In the Denver Nuggets’ attempt to turn conventional wisdom on its head, score one for conventional wisdom. After posting exceptional offensive efficiency numbers early in the game, weathering a furious charge in the second and third quarters, and batting tooth and nail in the fourth Denver found themselves leading the Thunder 101-100 with three minutes left. They would not make another basket the rest of the night.
The only way the Nuggets’ closer by committee would fail was if either no one was hot or if some player tried to force becoming hot. Well, There was certainly no hot player the Nuggets could turn to. Instead of attempting to earn a good look by passing and cutting the Nuggets tried to force something out of their bread and butter, the pick and roll.
The final few possessions following Gallo’s nice jumper went like this:
- Felton runs pick and roll with Nene, misses a contested floater in the lane.
- Felton runs pick and roll with Nene, misses a forced contested layup.
- Gallinari runs pick and roll with Nene, faced with a switch by Kendrick Perkins he dribbles out of bounds.
- After a timeout, which was preceded by what was almost another Gallo turnover as he fumbled a pass, Felton runs pick and roll with Nene, kicks out to Kenyon who misses an open 22 footer (although Kenyon had to shoot with only 3 seconds left on the shot clock).
- After a timeout they ran a crossing route for Lawson who was supposed to come off two screens across the court and catch the ball on the right wing. Westbrook jumped it closing off the passing lane and after some confusion they ran a hand off between Nene and Felton, Felton missed a quasi-open 3 badly with three Thunder players in the vicinity.
- After a timeout Gallo was held on hand off attempt from Nene and Danilo made both free throws.
- Down four with time expiring J.R. misses shot at the buzzer.
There was confusion and forced shots. The team seemed to struggle executing the plays drawn up in the huddle after timeouts and they seemed a little too content to run the clock forcing them into shots such as Kenyon’s ill-fated 22 footer when the shot clock was running down.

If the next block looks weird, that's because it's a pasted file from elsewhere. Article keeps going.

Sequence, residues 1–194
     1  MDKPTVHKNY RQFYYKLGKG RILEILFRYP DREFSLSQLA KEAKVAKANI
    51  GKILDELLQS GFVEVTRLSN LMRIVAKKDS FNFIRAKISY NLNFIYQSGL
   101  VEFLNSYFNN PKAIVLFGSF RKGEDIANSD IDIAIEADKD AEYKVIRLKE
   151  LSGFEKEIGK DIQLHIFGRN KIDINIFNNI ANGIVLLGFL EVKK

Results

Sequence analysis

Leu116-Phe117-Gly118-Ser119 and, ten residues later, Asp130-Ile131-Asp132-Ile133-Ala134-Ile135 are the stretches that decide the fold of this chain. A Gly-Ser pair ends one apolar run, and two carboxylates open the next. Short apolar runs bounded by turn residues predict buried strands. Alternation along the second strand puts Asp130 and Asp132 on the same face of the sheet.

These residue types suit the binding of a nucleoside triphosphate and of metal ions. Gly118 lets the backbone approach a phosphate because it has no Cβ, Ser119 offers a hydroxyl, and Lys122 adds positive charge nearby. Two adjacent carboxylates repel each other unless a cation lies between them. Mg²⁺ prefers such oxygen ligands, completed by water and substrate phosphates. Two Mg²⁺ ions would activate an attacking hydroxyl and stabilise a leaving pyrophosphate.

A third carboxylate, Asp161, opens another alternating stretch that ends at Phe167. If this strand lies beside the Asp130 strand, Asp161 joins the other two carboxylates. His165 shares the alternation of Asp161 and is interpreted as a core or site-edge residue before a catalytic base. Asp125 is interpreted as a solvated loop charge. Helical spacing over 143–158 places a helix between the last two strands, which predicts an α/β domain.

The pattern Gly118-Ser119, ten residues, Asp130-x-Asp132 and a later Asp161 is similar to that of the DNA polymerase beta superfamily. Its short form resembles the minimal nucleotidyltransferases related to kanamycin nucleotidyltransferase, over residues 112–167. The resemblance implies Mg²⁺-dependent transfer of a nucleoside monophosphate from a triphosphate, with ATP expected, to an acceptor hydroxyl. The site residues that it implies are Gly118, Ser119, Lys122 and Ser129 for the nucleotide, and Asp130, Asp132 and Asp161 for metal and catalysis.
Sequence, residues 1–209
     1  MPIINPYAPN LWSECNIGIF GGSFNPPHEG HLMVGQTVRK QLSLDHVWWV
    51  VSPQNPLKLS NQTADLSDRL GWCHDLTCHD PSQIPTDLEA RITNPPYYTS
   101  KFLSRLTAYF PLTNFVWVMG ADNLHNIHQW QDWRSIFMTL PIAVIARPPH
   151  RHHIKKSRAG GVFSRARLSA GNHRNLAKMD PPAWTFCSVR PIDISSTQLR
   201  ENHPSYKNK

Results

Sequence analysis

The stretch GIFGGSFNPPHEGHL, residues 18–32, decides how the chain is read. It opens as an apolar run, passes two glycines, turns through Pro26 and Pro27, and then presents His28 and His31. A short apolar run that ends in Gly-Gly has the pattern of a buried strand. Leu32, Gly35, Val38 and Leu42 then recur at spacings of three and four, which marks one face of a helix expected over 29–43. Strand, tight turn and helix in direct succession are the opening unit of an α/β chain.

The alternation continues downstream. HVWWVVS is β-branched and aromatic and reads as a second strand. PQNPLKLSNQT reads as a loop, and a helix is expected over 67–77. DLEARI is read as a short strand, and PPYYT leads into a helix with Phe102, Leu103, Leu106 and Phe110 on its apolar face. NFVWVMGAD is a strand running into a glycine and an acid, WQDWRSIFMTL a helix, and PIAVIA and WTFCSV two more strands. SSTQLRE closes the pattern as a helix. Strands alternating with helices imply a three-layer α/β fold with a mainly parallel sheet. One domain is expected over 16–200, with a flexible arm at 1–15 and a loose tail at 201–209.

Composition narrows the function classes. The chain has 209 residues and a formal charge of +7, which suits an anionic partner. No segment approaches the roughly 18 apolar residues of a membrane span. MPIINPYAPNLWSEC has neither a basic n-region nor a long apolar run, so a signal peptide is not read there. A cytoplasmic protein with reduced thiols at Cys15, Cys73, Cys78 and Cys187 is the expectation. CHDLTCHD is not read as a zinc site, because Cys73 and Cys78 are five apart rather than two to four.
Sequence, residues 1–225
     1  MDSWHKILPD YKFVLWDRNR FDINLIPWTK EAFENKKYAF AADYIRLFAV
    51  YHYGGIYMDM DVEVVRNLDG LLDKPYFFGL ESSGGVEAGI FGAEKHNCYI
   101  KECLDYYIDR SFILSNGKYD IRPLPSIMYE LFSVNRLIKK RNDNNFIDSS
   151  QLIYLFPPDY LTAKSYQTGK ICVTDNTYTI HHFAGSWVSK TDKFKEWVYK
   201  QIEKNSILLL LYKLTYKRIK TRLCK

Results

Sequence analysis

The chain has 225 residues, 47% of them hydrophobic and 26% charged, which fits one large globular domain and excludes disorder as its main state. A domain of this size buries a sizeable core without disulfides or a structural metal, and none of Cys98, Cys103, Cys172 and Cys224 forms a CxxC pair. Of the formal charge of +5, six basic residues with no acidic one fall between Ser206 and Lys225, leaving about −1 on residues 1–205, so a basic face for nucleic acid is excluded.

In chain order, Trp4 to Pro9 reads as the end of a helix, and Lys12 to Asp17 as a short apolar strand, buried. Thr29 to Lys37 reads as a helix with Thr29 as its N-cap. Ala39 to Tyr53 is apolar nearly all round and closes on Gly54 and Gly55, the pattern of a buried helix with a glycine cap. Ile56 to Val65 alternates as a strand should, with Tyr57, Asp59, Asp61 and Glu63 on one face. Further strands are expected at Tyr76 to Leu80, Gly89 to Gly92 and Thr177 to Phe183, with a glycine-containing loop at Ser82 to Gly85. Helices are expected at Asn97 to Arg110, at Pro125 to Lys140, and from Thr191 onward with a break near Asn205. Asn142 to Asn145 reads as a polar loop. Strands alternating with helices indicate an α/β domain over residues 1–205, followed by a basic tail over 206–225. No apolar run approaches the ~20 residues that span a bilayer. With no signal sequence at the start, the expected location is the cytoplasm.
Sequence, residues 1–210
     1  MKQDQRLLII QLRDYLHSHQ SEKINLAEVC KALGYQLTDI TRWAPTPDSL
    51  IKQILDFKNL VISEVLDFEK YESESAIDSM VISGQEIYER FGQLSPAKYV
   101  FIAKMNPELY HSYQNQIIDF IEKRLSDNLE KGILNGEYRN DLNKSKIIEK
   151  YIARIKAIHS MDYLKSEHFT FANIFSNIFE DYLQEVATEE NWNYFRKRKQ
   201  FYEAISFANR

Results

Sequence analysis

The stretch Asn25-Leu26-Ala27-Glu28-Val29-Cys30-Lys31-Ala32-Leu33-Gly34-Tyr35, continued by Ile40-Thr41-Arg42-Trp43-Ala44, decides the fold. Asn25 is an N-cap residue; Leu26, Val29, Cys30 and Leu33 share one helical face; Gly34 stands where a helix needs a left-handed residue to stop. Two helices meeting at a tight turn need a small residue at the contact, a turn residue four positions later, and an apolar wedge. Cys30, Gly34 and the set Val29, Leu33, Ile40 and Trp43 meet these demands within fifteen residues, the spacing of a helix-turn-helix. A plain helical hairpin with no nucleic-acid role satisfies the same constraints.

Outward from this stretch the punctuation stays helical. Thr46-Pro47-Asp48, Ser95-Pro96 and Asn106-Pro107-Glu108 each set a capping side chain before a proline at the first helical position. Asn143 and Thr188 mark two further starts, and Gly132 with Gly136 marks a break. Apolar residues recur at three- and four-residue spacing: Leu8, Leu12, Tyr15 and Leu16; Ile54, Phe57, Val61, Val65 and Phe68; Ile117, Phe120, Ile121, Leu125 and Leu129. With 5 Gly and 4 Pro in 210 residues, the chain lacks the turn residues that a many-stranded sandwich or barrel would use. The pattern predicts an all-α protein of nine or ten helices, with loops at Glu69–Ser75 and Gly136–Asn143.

The Thunder on the other hand rode the hot hand of the player most expected to win the MVP before the season started as Kevin Durant showed his ability to make shots regardless of how little space he has to shoot or how far from the rim he is. Durant poured in 25 second half points converting 9-13 from the floor and 4-4 from the line. Combined with Russell Westbrook’s 21 point first half it was enough to carry the Thunder past the increasingly sloppy and discombobulated Nuggets.
After re-watching the game through the power of Synergy it confirmed my belief that the Nuggets actually did a pretty good job on Westbrook. He was not allowed free access to the lane and scored his points on long jumpers, the weakest aspect of his game. If the Thunder need Westbrook to play like that every night, it bodes well for Denver.
Regarding Durant, I was surprised the Nuggets chose to cover Durant straight up all night. They did very little switching and when they did it was a matter of trying to get a better defender on him, not by design. He was able to get in a very smooth rhythm and Denver did nothing to try to get him out of it.
The Nuggets who took turns checking the Wiry Bomber included Wilson Chandler, Gallinari, Martin and Felton. It seemed to me that as expected Chandler did the best against Durant as he was most effective of playing with some physicality and pushing KD a little further from the hoop than he would typically like to be, but Chandler did not do so with enough consistency to make a difference.
The bad news for Denver was they were able to get Durant to settle for numerous long jumpers, especially in the second half, and Westbrook was kept out of the lane and off the line plus the two supporting cast provided very little help with only Eric Maynor making a major impact from a scoring standpoint and the Thunder still won.
The good news is while the rest of the Thunder players will surely provide more of a boost in the future, it is difficult to fathom Durant and Westbrook doing this game after game.
Offensively the Nuggets failed completely in two areas I projected they must succeed in to win this series. First on everyone’s mind is the horrific free throw shooting. I would like to know what the coaching staff has done to try to solve this problem. I believe a practice full of nothing other than long sprint sessions followed by free throw shooting sessions followed by long springing sessions followed by more free throw shooting sessions followed by more running and free throw shooting would be in order. Denver converted on only 21 of 33 free throws and every one of those misses was a killer in such a tight game.
The other area Denver must improve on is their three point shooting. Denver made only ten of 30 three point attempts in the two previous post trade contests versus the Thunder. That must improve and early in the game the Nuggets looked like they had their eye from behind the arc back. Gallinari and Chandler each made shots from downtown in the first 2:08 and when Al Harrington converted a three from the corner on Denver’s second possession of the second quarter the Nuggets matched their biggest lead of 13. It would also be the final three point shot Denver would make all night going 0-11 over the final 35 minutes of the game.